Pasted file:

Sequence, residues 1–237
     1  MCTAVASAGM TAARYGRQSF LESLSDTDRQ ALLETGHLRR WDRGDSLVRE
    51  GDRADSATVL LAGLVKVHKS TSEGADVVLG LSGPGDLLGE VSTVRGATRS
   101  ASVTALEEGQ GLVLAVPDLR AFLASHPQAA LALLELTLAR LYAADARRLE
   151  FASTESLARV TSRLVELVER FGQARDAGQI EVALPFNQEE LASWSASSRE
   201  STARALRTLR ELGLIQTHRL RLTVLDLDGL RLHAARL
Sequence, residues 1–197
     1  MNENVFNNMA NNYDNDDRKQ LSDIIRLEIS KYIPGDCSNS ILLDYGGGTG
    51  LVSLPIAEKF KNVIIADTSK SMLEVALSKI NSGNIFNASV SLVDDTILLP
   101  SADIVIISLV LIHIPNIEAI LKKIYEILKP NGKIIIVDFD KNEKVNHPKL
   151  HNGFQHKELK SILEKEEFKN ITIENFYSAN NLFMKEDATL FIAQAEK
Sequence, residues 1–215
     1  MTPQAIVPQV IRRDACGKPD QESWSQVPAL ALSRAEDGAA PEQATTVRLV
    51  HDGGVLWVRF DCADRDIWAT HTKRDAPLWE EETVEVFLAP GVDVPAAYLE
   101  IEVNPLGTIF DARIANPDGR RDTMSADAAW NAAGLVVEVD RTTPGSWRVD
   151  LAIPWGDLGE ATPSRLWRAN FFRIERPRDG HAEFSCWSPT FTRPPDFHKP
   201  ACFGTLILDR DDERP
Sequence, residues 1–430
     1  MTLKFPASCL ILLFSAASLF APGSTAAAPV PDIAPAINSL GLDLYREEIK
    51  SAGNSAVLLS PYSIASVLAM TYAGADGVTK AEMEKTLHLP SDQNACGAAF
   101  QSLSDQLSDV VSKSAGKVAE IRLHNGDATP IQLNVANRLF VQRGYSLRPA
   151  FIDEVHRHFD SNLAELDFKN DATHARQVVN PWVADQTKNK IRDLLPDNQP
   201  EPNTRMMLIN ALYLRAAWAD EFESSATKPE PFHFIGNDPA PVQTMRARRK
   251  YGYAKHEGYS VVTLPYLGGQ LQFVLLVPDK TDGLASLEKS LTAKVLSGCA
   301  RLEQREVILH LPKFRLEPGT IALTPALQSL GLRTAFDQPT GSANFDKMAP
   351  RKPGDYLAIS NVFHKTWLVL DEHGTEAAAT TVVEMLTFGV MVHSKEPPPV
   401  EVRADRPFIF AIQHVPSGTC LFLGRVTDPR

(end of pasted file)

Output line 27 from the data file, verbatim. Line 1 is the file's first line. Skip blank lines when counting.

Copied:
   401  EVRADRPFIF AIQHVPSGTC LFLGRVTDPR